The Mohammed cartoons and criticism of the Nazi regime
Every rule has its exceptions, and in fact, there have been two events in Danish history where satire cartoonists have actually played a key role in our little country’s development. The first time was in the late 1930s when Hitler’s Nazi party gained control of Germany. Here, most of the Danish newspapers held the attitude that one should be very careful about criticising the German regime due to the Danish policy of collaboration. However, the Danish cartoonists were not so easily cowed, and therefore this period in particular witnessed some of the most direct criticism of the Nazi regime in the form of satirical cartoons.
This ‘devil-may-care’ criticism with which the cartoonists broke ranks with both the presumed attitudes of the editors and the readers and made wild and provocative cartoons is a great example of how Danish cartoonists think they are – but in fact rarely are.
The next great exception from this rule is what we saw with the Mohammed crisis which had its explosive origins on September 30th 2005 when Jyllands Posten wrote the article ‘Profetens Ansigt’ (‘The Face of the Prophet’). The aftermath of those cartoons is familiar to most, but according to Hannibal Munk, the interesting thing about them were that these cartoons were in fact also not really an expression of the newspapers’ and its cartoonists’ desire to interpret
freedom of speech to its limits. The style of the cartoons was not unusual for Jyllands Posten, and generally speaking, there was nothing new in the story that they told. For example, in the months leading up to the Mohammed cartoons, they had also published cartoons that were critical of militant Islam in the Middle East.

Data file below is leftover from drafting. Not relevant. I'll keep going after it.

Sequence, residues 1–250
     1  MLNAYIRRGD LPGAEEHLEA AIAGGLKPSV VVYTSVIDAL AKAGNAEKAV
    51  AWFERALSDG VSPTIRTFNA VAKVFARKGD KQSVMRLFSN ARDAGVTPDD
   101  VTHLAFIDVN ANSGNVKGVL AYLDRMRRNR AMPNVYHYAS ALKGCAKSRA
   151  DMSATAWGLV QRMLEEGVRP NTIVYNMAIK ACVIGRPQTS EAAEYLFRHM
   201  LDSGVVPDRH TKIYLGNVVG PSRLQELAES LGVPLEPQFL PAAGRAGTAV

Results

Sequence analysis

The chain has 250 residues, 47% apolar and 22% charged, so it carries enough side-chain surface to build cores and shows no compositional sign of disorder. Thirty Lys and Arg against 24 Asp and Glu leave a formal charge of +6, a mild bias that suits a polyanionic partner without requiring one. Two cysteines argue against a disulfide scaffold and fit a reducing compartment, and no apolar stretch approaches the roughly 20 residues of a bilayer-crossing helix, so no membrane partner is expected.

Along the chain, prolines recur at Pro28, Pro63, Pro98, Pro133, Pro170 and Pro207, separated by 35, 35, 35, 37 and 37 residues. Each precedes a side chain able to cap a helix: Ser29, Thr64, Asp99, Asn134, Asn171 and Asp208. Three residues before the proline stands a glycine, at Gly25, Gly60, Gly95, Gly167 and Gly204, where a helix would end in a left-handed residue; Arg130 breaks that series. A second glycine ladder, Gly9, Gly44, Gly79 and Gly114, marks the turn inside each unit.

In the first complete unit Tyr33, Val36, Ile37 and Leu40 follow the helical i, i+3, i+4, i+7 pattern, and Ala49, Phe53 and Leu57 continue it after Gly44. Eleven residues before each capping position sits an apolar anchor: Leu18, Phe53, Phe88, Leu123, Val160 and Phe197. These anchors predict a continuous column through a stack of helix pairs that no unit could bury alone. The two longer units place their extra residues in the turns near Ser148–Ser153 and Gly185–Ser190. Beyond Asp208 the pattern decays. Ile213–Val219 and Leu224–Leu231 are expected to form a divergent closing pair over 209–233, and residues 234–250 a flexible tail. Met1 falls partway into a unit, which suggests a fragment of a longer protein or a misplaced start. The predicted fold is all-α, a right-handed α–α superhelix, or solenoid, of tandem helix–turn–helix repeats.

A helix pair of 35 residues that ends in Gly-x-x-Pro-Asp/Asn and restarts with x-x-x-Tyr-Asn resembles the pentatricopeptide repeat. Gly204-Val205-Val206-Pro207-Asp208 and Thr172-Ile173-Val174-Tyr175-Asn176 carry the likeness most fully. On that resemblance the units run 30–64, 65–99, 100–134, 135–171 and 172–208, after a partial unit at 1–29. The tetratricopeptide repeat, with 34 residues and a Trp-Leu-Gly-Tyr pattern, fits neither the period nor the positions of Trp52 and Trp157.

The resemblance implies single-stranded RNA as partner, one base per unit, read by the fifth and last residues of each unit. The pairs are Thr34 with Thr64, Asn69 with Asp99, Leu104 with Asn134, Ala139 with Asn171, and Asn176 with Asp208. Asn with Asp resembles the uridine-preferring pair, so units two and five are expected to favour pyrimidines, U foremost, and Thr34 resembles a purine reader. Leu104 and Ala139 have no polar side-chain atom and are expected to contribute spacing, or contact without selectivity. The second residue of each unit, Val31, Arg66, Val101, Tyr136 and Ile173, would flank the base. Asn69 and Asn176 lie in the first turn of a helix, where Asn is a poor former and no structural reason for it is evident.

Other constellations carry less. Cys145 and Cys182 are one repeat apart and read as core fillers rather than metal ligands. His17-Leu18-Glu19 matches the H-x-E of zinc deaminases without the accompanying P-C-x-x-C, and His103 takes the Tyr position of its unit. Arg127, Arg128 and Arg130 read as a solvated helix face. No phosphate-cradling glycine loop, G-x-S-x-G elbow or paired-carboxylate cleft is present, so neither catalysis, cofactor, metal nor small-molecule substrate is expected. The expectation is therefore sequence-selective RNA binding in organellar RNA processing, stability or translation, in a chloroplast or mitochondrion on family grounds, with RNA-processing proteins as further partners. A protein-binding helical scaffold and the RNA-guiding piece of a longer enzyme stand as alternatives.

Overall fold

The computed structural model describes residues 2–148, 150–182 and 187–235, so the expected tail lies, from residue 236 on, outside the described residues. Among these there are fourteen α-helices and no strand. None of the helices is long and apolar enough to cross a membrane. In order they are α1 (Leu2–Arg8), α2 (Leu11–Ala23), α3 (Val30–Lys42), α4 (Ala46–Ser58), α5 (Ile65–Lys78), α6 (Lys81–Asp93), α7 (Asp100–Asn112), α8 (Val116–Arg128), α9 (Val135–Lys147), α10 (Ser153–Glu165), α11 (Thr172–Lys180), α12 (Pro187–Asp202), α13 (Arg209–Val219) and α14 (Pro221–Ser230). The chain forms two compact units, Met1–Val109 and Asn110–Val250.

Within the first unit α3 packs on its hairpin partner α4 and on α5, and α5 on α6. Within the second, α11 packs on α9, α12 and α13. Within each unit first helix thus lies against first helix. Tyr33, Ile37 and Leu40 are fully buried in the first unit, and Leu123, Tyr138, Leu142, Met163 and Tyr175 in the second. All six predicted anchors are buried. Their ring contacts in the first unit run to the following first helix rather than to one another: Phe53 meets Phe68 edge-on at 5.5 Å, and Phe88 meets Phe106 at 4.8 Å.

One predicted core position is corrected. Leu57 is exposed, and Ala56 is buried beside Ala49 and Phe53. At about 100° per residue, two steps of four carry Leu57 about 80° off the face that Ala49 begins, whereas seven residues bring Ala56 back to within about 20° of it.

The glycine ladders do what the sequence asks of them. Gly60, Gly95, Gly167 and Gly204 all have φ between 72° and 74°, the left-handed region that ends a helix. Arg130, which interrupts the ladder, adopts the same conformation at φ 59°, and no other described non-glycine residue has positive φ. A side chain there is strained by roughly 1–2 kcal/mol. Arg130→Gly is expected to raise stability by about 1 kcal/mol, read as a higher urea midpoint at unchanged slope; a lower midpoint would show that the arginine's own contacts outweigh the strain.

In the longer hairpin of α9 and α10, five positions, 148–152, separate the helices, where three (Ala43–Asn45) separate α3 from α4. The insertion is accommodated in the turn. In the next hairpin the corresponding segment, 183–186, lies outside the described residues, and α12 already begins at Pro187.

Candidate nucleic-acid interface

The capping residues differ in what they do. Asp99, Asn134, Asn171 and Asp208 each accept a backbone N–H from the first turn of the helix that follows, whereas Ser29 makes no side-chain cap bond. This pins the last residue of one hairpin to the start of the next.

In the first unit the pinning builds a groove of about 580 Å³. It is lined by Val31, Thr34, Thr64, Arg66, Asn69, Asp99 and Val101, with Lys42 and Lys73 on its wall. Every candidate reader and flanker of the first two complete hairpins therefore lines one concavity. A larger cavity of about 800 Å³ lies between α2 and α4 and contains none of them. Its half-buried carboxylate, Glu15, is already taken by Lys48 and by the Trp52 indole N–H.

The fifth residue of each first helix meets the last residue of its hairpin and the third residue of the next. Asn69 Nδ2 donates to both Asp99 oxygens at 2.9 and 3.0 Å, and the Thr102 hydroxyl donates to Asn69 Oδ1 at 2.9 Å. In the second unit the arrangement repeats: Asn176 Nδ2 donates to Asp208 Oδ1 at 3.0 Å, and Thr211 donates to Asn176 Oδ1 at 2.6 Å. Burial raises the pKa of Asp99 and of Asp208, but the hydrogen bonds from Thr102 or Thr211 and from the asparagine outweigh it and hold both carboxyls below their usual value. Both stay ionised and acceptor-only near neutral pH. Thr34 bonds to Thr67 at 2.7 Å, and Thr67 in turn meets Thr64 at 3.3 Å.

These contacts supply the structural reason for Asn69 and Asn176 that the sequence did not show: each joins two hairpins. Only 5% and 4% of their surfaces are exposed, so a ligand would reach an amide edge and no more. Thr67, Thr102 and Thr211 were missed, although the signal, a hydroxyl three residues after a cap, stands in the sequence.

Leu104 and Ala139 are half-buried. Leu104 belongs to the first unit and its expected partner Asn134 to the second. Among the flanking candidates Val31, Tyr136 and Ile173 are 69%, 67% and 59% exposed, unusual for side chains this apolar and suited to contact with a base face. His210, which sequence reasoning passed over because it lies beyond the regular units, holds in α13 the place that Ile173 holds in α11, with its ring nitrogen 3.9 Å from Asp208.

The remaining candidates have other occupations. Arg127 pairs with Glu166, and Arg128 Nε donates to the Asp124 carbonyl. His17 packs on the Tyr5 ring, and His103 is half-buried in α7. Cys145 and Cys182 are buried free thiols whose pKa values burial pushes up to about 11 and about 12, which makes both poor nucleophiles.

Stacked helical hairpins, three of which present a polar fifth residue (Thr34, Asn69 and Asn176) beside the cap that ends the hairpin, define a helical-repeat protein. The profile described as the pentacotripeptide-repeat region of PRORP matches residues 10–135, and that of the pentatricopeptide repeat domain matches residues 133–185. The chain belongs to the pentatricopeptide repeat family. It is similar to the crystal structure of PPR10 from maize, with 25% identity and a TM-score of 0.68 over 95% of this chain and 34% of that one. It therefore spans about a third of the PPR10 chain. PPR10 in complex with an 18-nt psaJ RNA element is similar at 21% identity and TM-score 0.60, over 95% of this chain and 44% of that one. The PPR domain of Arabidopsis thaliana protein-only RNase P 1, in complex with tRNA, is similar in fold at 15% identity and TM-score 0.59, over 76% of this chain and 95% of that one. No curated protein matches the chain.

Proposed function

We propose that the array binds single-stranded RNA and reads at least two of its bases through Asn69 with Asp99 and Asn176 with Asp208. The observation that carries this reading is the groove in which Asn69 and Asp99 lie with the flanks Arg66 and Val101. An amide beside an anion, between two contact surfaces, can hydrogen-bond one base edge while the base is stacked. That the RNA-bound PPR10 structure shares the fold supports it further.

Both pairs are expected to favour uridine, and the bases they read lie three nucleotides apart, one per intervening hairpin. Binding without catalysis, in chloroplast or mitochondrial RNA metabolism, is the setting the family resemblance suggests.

“How JP covered these events was not new at all, and the Mohammed crisis was mostly about how things were developing in the Middle East and how Islam was becoming more of a political factor in the Middle East. The Mohammed cartoons were a natural extension of this line of thinking, but they were not unusual per se.
Still, the Mohammed cartoons remain interesting because they demonstrate that the era of globalisation and digitalisation has created an environment where, unlike in the past, cartoonists no longer know your readers and how things are perceived - this is now more fluid, and the extent of in-depth symbolism with cultural references has been reduced because they are harder to use towards an unfamiliar audience. The cartoonists no longer know who their audience is,” Hannibal Munk explains.
In addition, Hannibal Munk describes another change that has taken place in the last few years:
“You can see that criticism in recent times has become more clear than what was seen previously - the style is more obviously critical. For example, more people are being compared to Nazis in Danish cartoons. The public debate has become tougher, and of course, the cartoons have kept pace with that.”
Published in Rubrik #15, 2019